The child of a cardiologist father and a diplomat mother, Asma Assad, 41, is a British-Syrian dual citizen who grew up in London and graduated from King’s College with degrees in computer science and French literature. Her parents are both Sunni Muslims from Homs, the Syrian city located near the air base President Trump hit with missiles on April 6 in response to Assad’s use of chemical weapons.

After college, Asma worked as an investment banker for Deutsche Bank Group as an economics analyst and then J.P. Morgan as an investment banker, based in New York and London. She reportedly turned down an MBA degree at Harvard to marry Assad shortly after he assumed leadership of Syria in 2000 following his father’s death.

In March 2011, Vogue magazine published a profile on Asma, calling her a “Rose in the Desert” and “the very freshest and most magnetic of first ladies.” The article, which described the Assads as “wildly democratic” and portrayed them as progressive and intelligent, was based on an interview conducted in late 2010. It was pulled from the internet weeks after its publication, as Assad’s bloody crackdown on Syrian dissidents was well under way.

“Subsequent to our interview, as the terrible events of the past year and a half unfolded in Syria, it became clear that its priorities and values were completely at odds with those of Vogue,” the magazine’s editor-in-chief, Anna Wintour, said at the time.

More than 465,000 Syrians have been killed in Syria’s civil war, which is now in its seventh year, and nearly 12 million — half the country’s pre-war population — have been displaced from their homes.

The Assad regime currently controls approximately one third of the country, including Damascus, Homs, Hama, Latakia and Aleppo, which was recently taken back from rebel groups. The Islamic State controls Deir al-Zour and Raqqa, while Syrian opposition groups maintain authority over Idlib, Dabiq and Al-Bab.

On April 4, warplanes dropped a chemical nerve agent over the rebel-held town of Khan Sheikhoun in Idlib province, killing at least 80 people, according to U.S. intelligence. Shocking footage of the aftermath shows civilians — many of them children — convulsing and foaming at the mouth from what U.S. authorities said was exposure to sarin gas.

Two days later, the U.S. carried out its first direct military action against the regime, launching 59 Tomahawk cruise missiles at Shayrat airfield base from which U.S. officials believe the chemical attack had been launched.

On Thursday, Assad called the April 4 chemical attack in Syria a “fabrication” by the U.S. and its western allies. His comments to French news agency AFP came a week after his wife issued a statement of her own:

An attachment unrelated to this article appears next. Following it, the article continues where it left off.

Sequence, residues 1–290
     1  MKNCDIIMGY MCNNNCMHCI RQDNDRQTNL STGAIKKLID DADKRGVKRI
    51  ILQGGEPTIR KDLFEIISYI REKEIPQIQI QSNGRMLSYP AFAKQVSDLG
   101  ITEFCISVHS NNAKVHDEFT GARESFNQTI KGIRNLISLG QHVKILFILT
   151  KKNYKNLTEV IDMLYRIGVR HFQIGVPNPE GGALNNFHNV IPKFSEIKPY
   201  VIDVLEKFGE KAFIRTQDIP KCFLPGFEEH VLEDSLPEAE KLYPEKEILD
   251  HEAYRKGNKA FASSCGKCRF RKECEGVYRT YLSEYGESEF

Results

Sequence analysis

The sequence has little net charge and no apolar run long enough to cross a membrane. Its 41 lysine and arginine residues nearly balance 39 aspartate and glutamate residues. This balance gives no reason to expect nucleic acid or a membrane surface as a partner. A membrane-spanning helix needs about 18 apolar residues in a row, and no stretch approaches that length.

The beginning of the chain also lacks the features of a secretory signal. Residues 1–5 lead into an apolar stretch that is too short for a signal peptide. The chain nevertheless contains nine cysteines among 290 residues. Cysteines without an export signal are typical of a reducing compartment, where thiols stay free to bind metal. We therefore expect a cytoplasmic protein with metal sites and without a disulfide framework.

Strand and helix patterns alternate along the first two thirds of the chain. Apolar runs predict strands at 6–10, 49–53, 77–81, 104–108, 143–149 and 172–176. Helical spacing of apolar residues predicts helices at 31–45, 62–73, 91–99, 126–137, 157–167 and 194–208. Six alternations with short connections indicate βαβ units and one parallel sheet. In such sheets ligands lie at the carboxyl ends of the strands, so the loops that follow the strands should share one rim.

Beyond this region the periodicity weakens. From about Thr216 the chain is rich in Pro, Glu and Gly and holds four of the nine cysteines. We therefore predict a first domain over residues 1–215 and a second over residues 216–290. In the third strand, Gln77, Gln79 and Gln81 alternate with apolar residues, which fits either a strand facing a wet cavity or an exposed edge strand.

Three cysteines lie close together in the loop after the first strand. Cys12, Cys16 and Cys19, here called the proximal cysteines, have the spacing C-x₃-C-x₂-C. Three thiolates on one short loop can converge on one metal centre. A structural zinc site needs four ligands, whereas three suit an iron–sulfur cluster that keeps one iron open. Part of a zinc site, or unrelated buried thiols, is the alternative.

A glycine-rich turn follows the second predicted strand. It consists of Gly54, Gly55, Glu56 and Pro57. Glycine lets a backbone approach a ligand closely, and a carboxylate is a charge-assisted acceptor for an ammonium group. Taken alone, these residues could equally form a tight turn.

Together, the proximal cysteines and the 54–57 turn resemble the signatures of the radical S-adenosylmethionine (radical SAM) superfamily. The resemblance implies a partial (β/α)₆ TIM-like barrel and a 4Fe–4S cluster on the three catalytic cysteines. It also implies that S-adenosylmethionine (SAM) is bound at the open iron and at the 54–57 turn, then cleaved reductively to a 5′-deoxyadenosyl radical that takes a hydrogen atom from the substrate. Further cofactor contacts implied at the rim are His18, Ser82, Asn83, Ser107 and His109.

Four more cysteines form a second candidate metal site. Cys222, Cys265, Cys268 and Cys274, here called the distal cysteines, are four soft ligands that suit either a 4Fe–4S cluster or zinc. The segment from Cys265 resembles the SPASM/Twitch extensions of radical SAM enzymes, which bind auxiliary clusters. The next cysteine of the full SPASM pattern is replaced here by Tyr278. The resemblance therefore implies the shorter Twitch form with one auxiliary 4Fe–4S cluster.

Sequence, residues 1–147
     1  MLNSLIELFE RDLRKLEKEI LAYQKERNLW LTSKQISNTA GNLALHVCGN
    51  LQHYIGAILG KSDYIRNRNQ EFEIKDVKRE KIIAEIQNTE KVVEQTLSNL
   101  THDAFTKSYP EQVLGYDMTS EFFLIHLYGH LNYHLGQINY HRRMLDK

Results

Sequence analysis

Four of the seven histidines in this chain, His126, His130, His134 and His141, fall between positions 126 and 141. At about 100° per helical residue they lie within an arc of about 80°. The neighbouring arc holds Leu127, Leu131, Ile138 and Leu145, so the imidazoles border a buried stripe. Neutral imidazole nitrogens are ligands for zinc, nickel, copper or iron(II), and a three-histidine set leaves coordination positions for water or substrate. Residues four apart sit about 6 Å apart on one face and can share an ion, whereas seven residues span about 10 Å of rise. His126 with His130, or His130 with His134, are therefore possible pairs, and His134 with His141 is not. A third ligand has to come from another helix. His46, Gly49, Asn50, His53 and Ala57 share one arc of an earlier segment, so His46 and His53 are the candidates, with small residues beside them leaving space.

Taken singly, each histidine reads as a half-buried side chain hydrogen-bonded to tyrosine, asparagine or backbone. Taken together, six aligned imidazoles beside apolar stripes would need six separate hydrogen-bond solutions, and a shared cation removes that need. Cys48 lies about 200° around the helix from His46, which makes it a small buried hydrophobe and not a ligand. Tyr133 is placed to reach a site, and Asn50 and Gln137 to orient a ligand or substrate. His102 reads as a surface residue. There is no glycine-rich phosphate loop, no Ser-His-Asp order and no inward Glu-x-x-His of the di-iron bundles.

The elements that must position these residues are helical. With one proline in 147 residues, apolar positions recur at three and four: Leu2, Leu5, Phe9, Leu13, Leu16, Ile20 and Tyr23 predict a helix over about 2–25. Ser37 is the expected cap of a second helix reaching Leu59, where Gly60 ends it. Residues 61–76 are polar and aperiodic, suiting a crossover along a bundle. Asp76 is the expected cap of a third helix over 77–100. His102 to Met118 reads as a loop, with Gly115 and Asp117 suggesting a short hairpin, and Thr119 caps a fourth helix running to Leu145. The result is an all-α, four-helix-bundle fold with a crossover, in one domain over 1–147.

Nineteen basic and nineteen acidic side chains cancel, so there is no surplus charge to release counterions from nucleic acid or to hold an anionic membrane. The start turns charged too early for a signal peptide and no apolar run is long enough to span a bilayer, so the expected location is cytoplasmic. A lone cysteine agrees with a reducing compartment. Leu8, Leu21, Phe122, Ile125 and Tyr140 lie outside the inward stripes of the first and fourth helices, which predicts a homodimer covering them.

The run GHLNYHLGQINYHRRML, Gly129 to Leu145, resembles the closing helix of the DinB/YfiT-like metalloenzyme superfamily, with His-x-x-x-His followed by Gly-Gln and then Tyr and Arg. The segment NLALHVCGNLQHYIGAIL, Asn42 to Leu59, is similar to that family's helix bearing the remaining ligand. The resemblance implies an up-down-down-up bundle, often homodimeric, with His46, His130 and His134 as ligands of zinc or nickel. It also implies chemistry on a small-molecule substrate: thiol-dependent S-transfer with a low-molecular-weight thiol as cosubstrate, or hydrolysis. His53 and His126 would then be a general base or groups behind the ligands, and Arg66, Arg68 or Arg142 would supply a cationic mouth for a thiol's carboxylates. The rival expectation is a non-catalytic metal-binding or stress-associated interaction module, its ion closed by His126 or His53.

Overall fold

“The presidency of the Syrian Arab Republic affirms that what America has done is an irresponsible act that only reflects a short-sightedness, a narrow horizon, a political and military blindness to reality, and a naive pursuit of a frenzied false propaganda campaign that fueled the regime’s arrogance,” she wrote in Arabic on her Instagram account.

Many have questioned how Assad’s British-born wife and a mother of three has stood firmly behind a dictator accused of dropping barrel bombs and gassing his own people. 

In a rare interview with Russia’s state-sponsored Channel 24 last October, Asma said she has stood by her husband during the conflict “because my conviction didn’t tell me otherwise.” She praised Assad as a “very giving man” who takes his role as a father “very, very seriously.”

“It is something of an axiom that artificial realities are often constructed around authoritarian leaders that distort their view of the world,” said David Lesch, a professor of history at Trinity University in San Antonio, Texas, and the author of a book called “Syria: The Fall of the House of Assad.”

“It seems to me that Asma has assimilated into that alternate reality. How could she not?” asked Lesch. “She has been part and parcel of the same environment as her husband, and therefore it is not a surprise that she has bought into that perspective.”

Asma’s Instagram posts — which have drawn ire over social media — are an important part of the “alternate reality” the Assads have sought to construct, according to Lesch.

On the same day her husband is believed to have dropped sarin gas on civilians in Khan Sheikhoun, Asma posted a photo of herself wearing a chic polka-dotted dress, seemingly deep in thought and smiling.

“How can you post this ridiculous photo of yourself, when there are atrocities inflicted on your own people? Are you that dense? Or evil?” asks one user.

“Your husband is a baby killer,” says another.

Some, meanwhile, have questioned the authenticity of the account, which has 119,000 followers.